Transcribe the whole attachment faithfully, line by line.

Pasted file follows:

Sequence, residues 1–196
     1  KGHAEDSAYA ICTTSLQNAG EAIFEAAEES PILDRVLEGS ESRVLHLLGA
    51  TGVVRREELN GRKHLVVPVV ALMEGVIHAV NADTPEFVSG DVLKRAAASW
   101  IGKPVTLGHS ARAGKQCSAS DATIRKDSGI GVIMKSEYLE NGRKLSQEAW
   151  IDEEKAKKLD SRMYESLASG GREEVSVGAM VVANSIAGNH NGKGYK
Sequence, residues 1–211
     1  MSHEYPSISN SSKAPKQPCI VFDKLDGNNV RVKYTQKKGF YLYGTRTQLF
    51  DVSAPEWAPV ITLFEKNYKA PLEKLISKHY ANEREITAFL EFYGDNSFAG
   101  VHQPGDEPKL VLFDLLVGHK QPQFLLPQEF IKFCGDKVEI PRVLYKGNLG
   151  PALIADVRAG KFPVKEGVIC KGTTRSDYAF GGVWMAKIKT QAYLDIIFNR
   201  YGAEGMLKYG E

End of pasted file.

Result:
Sequence, residues 1–196
     1  KGHAEDSAYA ICTTSLQNAG EAIFEAAEES PILDRVLEGS ESRVLHLLGA
    51  TGVVRREELN GRKHLVVPVV ALMEGVIHAV NADTPEFVSG DVLKRAAASW
   101  IGKPVTLGHS ARAGKQCSAS DATIRKDSGI GVIMKSEYLE NGRKLSQEAW
   151  IDEEKAKKLD SRMYESLASG GREEVSVGAM VVANSIAGNH NGKGYK
Sequence, residues 1–211
     1  MSHEYPSISN SSKAPKQPCI VFDKLDGNNV RVKYTQKKGF YLYGTRTQLF
    51  DVSAPEWAPV ITLFEKNYKA PLEKLISKHY ANEREITAFL EFYGDNSFAG
   101  VHQPGDEPKL VLFDLLVGHK QPQFLLPQEF IKFCGDKVEI PRVLYKGNLG
   151  PALIADVRAG KFPVKEGVIC KGTTRSDYAF GGVWMAKIKT QAYLDIIFNR
   201  YGAEGMLKYG E